Wednesday, June 15, 2022

The brain signature of choosing to accept pain in exchange for future reward

From Coll et al.


We often willingly experience pain to reach a goal. However, potential pain can also prevent reckless action. How do we consider future pain when deciding on the best course of action? To date, the precise neural mechanisms underlying the valuation of future pain remain unknown. Using functional MRI, we derive a whole-brain signature of the value of future pain capable of predicting participants’ choices to accept pain in exchange for a reward. We show that this signature is characterized by a distributed pattern of activity with clear contributions from structures encoding reward and salience, notably the ventral and dorsal striatum. These findings highlight how the brain assigns value to future pain when choosing the best course of action.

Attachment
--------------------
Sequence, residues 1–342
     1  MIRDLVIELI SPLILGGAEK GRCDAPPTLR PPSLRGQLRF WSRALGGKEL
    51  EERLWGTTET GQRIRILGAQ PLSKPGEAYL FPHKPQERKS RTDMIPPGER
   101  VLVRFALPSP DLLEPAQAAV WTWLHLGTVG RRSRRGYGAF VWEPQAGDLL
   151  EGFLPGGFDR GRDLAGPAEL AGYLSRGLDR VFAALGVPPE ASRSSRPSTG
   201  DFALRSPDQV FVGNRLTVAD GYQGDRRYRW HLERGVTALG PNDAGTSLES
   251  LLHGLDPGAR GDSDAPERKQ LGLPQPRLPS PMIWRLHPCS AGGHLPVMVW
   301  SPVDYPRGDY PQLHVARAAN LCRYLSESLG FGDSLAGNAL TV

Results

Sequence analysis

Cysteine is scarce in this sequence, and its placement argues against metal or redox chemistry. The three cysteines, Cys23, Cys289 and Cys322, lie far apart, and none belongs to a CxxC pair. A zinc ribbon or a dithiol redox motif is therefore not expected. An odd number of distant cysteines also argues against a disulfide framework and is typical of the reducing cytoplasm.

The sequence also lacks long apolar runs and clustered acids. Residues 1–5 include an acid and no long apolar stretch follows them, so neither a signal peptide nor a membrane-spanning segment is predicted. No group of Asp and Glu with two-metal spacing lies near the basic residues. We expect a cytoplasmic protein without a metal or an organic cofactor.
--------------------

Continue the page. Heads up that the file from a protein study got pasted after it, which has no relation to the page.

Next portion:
Pain is a primary driver of action. We often must voluntarily accept pain to gain rewards. Conversely, we may sometimes forego potential rewards to avoid associated pain. In this study, we investigated how the brain represents the decision value of future pain. Participants (n = 57) performed an economic decision task, choosing to accept or reject offers combining various amounts of pain and money presented visually. Functional MRI (fMRI) was used to measure brain activity throughout the decision-making process. Using multivariate pattern analyses, we identified a distributed neural representation predicting the intensity of the potential future pain in each decision and participants’ decisions to accept or avoid pain. This neural representation of the decision value of future pain included negative weights located in areas related to the valuation of rewards and positive weights in regions associated with saliency, negative affect, executive control, and goal-directed action. We further compared this representation to future monetary rewards, physical pain, and aversive pictures and found that the representation of future pain overlaps with that of aversive pictures but is distinct from experienced pain. Altogether, the findings of this study provide insights on the valuation processes of future pain and have broad potential implications for our understanding of disorders characterized by difficulties in balancing potential threats and rewards.

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